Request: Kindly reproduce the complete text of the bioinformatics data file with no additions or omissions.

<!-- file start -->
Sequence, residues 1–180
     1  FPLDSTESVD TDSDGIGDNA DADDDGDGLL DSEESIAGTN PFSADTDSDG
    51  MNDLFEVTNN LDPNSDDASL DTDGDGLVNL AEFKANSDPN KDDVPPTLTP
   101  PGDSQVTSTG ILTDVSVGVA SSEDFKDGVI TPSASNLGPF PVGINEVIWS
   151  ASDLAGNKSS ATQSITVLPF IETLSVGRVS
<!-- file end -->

Sequence, residues 1–180
     1  FPLDSTESVD TDSDGIGDNA DADDDGDGLL DSEESIAGTN PFSADTDSDG
    51  MNDLFEVTNN LDPNSDDASL DTDGDGLVNL AEFKANSDPN KDDVPPTLTP
   101  PGDSQVTSTG ILTDVSVGVA SSEDFKDGVI TPSASNLGPF PVGINEVIWS
   151  ASDLAGNKSS ATQSITVLPF IETLSVGRVS